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Having authentic conversations about faith and politics


Speaker: Be like Paul and work out your differences for the sake of the gospel

by Paul Seebeck | Presbyterian News Service

Ray Jones portrait

The Rev. Dr. Ray Jones

WEST LAFAYETTE, Indiana — The Rev. Dr. Ray Jones, acting director of Theology, Formation & Evangelism ministries for the Presbyterian Mission Agency, has a deepening passion and understanding of the gospel that he says “is changing my life.”

“I’m not an expert,” Jones told those gathered for his conversation and presentation on “Faith, Politics and Authentic Conversation” at Presbyterian Youth Triennium. “But I am a growing, maturing follower of Jesus Christ.”

With that, Jones described his desire for the Presbyterian Church (U.S.A.) to live into God’s loving redemptive mission in the gospel, which he increasingly believes is connected to the  Matthew 25 invitation to churches and mid councils. The invitation calls on Presbyterians to work on congregational vitality, eliminate structural racism and eradicate systemic poverty.

“Friends, it’s not just the good thing to do,” Jones said. “As the body of Christ, it’s the right thing to do.”

Recently Jones was reading Jen Hatmaker’s book “Interrupted: When Jesus Wrecks Your Comfortable Christianity.” Hatmaker left her megachurch to start a new one because of a change of heart about the gospel.

“Increasingly God began giving her a heart for people on the margins,” Jones said.

And on her journey of discovering God at work in everyone’s life, she wrote this, about Matthew 25:

“In its greatest depth this passage is not merely a moral challenge or judgment on this world. Nor is it just a program for social action or poverty reduction. Rather it describes the mystery of salvation that grounds all hierarchy, motivates all action, and makes possible the acceptance of our identity as redeemed sinners.’”

“What if this, which is God’s redemptive mission found in the gospel, is what could hold us together through all of our conflict?” Jones asked.

Then reading from Philippians 4:1-9, which describes a conflict in the early church in Philippi between Euodia and Syntyche, Jones wondered, “What was dividing these two female leaders?”

“In Philippi, people were proud to be Roman citizens,” he said, “so it could’ve been about what it means to say, ‘Caesar is Lord and Jesus is Lord.’”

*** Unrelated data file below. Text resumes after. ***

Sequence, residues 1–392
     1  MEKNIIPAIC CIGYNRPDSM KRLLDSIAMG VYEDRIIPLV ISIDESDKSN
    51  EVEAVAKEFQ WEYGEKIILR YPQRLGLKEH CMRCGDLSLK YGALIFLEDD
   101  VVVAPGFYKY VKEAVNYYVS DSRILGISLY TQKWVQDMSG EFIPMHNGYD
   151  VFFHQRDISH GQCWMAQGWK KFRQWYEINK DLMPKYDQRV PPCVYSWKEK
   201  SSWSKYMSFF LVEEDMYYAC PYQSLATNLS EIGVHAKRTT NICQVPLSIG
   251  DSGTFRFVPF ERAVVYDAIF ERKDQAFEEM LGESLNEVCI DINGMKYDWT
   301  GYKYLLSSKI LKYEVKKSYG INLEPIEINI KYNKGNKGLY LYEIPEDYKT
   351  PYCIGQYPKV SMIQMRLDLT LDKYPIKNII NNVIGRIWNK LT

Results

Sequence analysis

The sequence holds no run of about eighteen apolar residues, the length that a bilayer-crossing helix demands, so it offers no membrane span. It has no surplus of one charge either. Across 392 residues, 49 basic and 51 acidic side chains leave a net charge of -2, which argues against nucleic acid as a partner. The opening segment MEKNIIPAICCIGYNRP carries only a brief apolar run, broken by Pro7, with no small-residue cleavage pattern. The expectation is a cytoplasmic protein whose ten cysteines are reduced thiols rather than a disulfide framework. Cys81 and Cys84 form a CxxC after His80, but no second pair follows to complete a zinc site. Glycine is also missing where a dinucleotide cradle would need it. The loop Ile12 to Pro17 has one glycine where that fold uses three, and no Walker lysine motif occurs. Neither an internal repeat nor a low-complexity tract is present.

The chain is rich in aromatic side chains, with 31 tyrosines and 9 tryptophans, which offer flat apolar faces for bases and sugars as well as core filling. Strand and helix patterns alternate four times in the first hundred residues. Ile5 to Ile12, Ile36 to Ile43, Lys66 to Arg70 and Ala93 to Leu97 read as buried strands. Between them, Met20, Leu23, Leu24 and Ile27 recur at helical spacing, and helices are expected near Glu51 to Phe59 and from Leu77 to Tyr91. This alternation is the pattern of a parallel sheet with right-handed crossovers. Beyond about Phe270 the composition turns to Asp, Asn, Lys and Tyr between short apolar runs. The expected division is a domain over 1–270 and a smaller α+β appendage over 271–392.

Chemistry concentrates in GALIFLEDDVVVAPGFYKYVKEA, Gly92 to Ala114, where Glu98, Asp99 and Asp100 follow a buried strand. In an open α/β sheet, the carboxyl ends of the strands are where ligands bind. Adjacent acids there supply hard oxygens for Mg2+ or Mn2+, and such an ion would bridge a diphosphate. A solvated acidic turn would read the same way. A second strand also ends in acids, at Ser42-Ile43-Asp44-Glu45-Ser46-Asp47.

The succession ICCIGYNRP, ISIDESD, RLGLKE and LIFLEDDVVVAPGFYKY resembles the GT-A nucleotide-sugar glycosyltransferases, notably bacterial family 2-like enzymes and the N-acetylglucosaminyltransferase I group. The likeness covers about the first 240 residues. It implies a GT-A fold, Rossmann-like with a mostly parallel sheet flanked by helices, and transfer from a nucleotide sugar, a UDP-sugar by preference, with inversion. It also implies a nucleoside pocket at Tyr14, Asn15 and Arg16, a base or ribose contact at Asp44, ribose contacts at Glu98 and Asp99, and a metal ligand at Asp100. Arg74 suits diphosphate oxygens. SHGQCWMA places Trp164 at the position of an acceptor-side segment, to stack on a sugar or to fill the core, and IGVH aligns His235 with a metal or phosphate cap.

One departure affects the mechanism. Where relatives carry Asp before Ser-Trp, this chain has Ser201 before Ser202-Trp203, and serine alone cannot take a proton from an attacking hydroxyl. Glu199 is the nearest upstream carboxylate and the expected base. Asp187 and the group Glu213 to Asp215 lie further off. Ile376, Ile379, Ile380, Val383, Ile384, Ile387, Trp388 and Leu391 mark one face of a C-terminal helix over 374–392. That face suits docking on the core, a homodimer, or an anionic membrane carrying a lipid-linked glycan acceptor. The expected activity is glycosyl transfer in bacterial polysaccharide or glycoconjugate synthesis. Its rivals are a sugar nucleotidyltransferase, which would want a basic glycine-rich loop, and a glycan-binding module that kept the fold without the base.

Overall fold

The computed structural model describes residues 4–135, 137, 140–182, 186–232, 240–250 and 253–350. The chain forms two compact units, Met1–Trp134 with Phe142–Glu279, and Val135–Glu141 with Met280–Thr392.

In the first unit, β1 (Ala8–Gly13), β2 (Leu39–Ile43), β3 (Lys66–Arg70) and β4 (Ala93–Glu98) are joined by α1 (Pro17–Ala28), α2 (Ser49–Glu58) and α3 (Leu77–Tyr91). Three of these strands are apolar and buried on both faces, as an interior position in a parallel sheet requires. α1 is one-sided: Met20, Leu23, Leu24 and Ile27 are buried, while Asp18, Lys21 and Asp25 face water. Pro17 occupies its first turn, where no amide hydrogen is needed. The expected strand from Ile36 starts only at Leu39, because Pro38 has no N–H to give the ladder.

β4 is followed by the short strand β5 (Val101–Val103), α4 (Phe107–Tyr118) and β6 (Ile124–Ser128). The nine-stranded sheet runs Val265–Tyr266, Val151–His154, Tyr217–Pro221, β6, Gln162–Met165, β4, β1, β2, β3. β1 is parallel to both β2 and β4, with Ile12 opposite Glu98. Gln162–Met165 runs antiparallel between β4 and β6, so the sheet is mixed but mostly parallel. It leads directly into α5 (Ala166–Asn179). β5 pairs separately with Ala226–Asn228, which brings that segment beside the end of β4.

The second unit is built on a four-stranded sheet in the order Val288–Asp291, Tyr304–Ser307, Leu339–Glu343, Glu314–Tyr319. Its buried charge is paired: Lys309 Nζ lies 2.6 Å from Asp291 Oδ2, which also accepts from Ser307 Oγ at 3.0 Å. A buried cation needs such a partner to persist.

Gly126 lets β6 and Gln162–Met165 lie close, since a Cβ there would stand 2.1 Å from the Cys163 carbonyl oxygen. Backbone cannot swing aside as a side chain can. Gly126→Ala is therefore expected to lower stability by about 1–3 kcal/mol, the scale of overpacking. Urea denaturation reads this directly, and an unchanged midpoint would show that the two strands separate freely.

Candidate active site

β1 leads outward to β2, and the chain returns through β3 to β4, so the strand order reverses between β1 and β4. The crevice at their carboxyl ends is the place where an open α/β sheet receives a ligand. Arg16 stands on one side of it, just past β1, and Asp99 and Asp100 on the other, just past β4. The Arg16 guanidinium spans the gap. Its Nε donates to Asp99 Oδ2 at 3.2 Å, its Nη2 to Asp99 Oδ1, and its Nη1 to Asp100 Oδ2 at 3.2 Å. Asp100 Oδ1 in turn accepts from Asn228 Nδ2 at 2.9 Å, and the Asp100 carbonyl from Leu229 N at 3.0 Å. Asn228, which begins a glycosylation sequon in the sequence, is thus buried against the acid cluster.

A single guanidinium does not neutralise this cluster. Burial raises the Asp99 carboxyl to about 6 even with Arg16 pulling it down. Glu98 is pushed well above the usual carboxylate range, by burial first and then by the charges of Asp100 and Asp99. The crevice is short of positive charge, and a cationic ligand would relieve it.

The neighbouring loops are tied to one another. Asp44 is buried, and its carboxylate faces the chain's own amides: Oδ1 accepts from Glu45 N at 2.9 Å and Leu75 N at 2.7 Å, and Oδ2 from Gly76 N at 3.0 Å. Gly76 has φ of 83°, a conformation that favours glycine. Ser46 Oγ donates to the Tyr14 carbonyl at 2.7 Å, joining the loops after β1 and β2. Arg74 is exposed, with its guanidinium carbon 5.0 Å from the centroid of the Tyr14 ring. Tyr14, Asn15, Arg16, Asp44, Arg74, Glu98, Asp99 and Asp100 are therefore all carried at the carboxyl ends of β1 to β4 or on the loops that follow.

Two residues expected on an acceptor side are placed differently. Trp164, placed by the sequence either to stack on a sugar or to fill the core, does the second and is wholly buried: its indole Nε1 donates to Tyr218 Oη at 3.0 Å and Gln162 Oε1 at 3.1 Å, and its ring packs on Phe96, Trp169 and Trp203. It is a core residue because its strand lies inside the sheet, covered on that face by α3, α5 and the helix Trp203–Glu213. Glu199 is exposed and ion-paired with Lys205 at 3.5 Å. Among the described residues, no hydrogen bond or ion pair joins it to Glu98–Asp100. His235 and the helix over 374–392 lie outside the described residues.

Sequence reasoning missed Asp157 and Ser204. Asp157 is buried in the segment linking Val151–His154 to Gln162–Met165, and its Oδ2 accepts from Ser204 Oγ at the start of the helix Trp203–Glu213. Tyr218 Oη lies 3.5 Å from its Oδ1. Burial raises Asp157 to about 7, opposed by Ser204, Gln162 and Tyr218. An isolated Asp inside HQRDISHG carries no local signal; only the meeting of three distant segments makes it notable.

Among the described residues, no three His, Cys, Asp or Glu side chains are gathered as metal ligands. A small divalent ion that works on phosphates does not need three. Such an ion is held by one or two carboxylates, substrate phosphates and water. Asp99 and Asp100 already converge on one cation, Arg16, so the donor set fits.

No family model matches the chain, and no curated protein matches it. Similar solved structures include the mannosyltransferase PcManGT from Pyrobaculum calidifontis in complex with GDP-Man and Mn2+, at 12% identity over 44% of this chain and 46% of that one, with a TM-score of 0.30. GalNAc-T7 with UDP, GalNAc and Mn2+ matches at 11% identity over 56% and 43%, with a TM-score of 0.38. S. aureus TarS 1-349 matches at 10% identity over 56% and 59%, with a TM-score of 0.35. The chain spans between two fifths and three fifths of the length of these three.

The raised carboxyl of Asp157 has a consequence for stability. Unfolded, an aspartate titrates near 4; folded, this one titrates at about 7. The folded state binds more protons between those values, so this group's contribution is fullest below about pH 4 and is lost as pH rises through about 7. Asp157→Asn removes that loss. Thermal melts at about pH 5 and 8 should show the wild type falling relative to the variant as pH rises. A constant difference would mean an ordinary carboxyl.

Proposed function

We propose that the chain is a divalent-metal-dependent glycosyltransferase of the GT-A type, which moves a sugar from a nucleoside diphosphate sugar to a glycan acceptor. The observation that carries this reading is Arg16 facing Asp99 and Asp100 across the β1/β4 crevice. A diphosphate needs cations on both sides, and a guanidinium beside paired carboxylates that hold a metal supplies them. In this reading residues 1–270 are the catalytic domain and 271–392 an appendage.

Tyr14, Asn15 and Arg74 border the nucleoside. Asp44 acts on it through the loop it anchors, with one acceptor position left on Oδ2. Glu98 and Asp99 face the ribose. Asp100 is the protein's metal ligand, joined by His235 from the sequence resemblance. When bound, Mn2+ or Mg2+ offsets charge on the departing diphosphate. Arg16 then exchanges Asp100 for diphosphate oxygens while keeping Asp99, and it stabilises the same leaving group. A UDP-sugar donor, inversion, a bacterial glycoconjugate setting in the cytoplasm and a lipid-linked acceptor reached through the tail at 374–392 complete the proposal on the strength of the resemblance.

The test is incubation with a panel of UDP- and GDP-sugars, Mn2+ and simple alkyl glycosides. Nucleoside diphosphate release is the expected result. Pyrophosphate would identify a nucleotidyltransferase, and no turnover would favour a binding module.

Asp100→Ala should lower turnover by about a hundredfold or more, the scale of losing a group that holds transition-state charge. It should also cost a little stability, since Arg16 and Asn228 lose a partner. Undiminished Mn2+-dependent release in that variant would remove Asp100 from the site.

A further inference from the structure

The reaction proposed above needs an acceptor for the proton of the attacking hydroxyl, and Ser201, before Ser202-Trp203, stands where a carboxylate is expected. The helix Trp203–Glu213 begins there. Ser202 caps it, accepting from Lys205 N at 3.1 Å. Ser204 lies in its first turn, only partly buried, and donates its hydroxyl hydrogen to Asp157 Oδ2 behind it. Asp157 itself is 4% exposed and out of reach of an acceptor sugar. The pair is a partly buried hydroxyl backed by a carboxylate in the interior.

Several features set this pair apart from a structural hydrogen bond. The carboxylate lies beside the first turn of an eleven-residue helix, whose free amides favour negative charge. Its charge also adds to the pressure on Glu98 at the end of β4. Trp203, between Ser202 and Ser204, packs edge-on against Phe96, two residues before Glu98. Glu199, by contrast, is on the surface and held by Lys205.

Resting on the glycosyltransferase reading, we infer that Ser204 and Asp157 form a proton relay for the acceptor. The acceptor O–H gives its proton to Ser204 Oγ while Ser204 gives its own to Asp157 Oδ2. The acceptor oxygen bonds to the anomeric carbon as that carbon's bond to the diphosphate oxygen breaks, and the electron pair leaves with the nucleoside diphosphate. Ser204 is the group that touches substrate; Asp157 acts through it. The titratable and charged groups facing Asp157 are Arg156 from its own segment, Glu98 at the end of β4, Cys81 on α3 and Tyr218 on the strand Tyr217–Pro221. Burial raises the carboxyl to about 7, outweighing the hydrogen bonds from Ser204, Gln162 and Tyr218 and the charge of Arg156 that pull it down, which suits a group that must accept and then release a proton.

Jones acknowledged that the conflict could also have been about the early Jewish followers who said, “Jesus is great,” but wanted those in early church to follow some of their laws, like circumcision.

“Perhaps one leader was saying to the other, ‘No, it’s Jesus alone,’” said Jones.

Then he asked gathered Triennium youth and adult participants to describe what creates conflict in some of their churches.

“Different ways of doing things” and “interpretation of Scripture,” they called out. “Music, politics, and any kind of change.”

“And what does Paul say about conflict?” Jones asked. “Work it out,” he said. “Why? For the sake of the gospel.”

This message, Jones believes, is urgent for today, because the church of Jesus Christ has work to do: building up healthy churches and honestly addressing systems that perpetuate racism and keep people in poverty.

It is on this journey of working out conflict for the sake of the gospel, Jones noted, that Paul says, “The peace of God will guard our hearts and minds in Christ Jesus.”

“In Scripture, peace is such an interesting word,” he said.  “It’s about shalom, wholeness, completeness, righteousness and righting wrongs.”

“So, what if the work of the gospel we are being invited to do through Matthew 25 is what will protect us?” he asked. “When we live into the gospel, we don’t become narrower, we become more expansive.”

Jones encouraged Triennium participants to allow the grace they experience this week to change them, even as they hold in tension that there are people on this journey of faith who think differently.

“We don’t have to be alike, but we do need to learn how to have civil conversations,” he said. “We’ve got to share where we are politically so that we can figure out how to be a community dying to ourselves in our baptism and being raised to new life.”

This is what gospel people always need to be about, he said — having life.

That means “the racism of white privilege in me has to die,” Jones said, “to help others have life in Christ.”

And by holding one another accountable, to be the people God is calling us to be in the Matthew 25 invitation, Jones believes the PC(USA) will increasingly become a become a place of justice, welcome and hope.

“Not because it’s a good idea,” he said, “but because this is what God desires for us through Jesus Christ.”

Make sure to follow PYT on social media on FacebookTwitter and Instagram to be up to date on all of the Triennium excitement. The official event hashtag is #PYT2019.

Presbyterian Youth Triennium is a gathering for high school age youth from the Presbyterian Church (U.S.A.) and the Cumberland Presbyterian Church that occurs every three years. The 2019 event runs through July 20 at Purdue University. The theme for the 2019 event is “Here’s My Heart.” The Presbyterian Youth Triennium is supported by your gifts to the Pentecost Offering.

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